The brainchild of three marine electronics specialists who set out to combine the performance of a chartplotter with the nimbleness of mobile apps, Orca is aimed at the 70% of boaters who now use a chartplotter alongside their smartphone. Being such a sailor myself, I tested Orca while sailing the Baltic.
This is really two devices and a subscription. The Display 2 is a robust waterproof Samsung tablet that runs the Orca app. It pulls in instrument data from the Orca Core, which combines a GPS and heading sensor with an NMEA 2000 bridge. I found it easy to fit, plugging it straight into the NMEA backbone by my chart table with a special cable to convert from Raymarine STng to Micro-C. Both devices work without the subscription, but the ‘premium’ option gives enhanced features that run offline.
The Display 2 runs any app from the Google Play store, so I could toggle between PredictWind, AyeTides and Orca. Being a tablet, the processing power is phenomenal with a super- smooth action. It’s also exceedingly bright with a wide viewing angle.
Orca really requires its own SIM card to work to full effect. Failing that, you could connect the unit to your on-board WiFi or your phone’s hotspot. Functions, though, are limited without internet access.
Luckily you can download charts for offline use. I did this for my 400-mile passage from Kristiansand, southern Norway, to the north German Baltic. The download used up barely 500MB.
AIS overlay is a core feature, and so now is radar (initially only with Raymarine Quantum radars). The new Core 2 offers a fast ethernet socket for radar integration, which will also support the roll-out of OneNet in the future. Orca integrates with most autohelms.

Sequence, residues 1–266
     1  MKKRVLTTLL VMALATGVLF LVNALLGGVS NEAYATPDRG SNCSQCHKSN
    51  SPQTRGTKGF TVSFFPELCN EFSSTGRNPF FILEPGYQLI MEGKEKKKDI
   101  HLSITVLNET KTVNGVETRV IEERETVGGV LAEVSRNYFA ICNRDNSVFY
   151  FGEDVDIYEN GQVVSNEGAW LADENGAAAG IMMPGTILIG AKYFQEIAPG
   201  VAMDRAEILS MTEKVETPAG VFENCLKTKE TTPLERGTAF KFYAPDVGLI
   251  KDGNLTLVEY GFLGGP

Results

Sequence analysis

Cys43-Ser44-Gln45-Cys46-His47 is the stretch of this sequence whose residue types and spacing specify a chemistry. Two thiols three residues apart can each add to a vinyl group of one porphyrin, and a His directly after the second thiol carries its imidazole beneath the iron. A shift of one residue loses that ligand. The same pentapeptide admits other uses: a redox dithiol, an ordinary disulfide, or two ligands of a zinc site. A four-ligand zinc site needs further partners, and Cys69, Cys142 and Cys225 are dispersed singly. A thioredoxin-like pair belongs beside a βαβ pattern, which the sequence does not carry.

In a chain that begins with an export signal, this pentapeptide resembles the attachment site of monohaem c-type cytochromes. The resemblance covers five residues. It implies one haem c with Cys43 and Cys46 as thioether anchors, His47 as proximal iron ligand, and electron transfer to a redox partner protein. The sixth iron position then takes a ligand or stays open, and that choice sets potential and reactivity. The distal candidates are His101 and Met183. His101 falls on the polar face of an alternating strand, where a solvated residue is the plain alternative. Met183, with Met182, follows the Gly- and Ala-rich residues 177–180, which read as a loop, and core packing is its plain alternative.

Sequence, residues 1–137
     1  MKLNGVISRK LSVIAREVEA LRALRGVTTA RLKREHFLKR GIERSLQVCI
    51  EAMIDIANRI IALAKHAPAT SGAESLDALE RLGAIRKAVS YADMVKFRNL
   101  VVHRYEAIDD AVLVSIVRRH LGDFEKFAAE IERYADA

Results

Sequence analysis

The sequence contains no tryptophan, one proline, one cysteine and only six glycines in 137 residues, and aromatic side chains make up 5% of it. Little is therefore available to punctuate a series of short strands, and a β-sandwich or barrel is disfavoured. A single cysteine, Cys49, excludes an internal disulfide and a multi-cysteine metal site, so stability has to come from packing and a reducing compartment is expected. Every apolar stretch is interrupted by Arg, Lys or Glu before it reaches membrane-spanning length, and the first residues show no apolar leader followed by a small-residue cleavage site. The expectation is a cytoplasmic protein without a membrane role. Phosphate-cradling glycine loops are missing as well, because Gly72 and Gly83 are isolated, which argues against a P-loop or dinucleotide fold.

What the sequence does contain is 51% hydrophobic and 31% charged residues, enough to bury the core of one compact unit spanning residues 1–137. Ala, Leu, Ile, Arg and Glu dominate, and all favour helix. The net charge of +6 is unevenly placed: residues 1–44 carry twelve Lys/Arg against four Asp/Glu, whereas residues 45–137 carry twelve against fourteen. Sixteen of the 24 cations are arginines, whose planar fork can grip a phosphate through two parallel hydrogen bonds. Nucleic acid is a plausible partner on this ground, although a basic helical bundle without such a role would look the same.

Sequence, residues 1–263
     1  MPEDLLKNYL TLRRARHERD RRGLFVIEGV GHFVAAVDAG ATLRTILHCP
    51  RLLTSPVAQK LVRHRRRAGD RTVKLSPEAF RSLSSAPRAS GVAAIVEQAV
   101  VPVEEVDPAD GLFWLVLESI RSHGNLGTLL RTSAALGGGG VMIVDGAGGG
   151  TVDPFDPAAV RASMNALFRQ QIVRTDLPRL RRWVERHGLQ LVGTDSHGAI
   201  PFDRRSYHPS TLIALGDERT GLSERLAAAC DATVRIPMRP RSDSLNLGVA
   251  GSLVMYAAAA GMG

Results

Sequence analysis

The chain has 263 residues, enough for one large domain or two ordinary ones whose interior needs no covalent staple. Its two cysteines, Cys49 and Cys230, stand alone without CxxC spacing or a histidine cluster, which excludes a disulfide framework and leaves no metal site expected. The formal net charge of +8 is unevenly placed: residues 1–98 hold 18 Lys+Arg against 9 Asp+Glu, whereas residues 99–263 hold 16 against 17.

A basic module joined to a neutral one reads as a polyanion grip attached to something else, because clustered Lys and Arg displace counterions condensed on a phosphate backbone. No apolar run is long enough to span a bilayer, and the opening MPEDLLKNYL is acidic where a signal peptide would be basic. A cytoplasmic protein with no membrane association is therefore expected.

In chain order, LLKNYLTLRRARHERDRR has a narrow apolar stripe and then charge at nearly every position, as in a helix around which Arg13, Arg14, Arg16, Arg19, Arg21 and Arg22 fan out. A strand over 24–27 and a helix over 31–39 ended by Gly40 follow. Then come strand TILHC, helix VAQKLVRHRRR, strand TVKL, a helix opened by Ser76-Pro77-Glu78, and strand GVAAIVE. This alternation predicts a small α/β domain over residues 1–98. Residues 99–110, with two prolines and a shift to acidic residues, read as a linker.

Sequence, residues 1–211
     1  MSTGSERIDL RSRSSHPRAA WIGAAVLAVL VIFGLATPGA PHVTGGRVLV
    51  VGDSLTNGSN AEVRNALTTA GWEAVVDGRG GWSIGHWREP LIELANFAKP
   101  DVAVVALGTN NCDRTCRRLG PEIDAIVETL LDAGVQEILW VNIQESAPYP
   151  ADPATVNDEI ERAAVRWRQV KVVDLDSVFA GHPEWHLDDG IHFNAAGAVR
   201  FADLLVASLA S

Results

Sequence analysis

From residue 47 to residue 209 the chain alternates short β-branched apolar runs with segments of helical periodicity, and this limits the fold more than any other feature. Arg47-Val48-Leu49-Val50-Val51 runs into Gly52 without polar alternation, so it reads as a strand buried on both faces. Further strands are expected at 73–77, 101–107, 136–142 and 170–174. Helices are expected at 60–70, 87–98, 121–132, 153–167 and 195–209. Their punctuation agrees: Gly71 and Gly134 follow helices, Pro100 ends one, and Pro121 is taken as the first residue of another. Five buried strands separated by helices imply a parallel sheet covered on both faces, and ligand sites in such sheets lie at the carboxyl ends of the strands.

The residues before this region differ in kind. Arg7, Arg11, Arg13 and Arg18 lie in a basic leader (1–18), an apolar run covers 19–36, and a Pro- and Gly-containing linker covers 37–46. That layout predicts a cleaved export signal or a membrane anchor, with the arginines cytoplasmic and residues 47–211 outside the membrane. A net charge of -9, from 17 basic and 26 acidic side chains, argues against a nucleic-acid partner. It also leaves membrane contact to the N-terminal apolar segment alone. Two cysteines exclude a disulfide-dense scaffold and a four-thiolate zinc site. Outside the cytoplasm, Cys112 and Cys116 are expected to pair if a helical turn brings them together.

Combining chart data with wind and current forecasts, Orca is able to suggest incredibly detailed passage plans. Taking into account the draught, air draught and performance on different points of sail (polars) for my Sadler 34, it plotted a course for me that included tacks and gybes. At present, you need a live internet connection to retrieve the weather to plot a sailing route, but Orca says it is working to overcome this.
The subscription is the final piece of the puzzle. To get the sail routing, offline routing, offline charts and satellite overlay, you pay £99/yr (first year free). This also gives you automatic chart updates.
I found Orca fantastically capable, with an attractive and intuitive user interface. It costs £899 for the display and another £499 for the Core 2. Hardly cheap, but less than its competitors’ 9in chartplotters, and there’s no need to buy additional charts. The navigation interface could do with a bit more detail about the courses and distances between waypoints on a route. But its great strength is the flexibility and portability of the display, which can also be used for watching films or writing emails.
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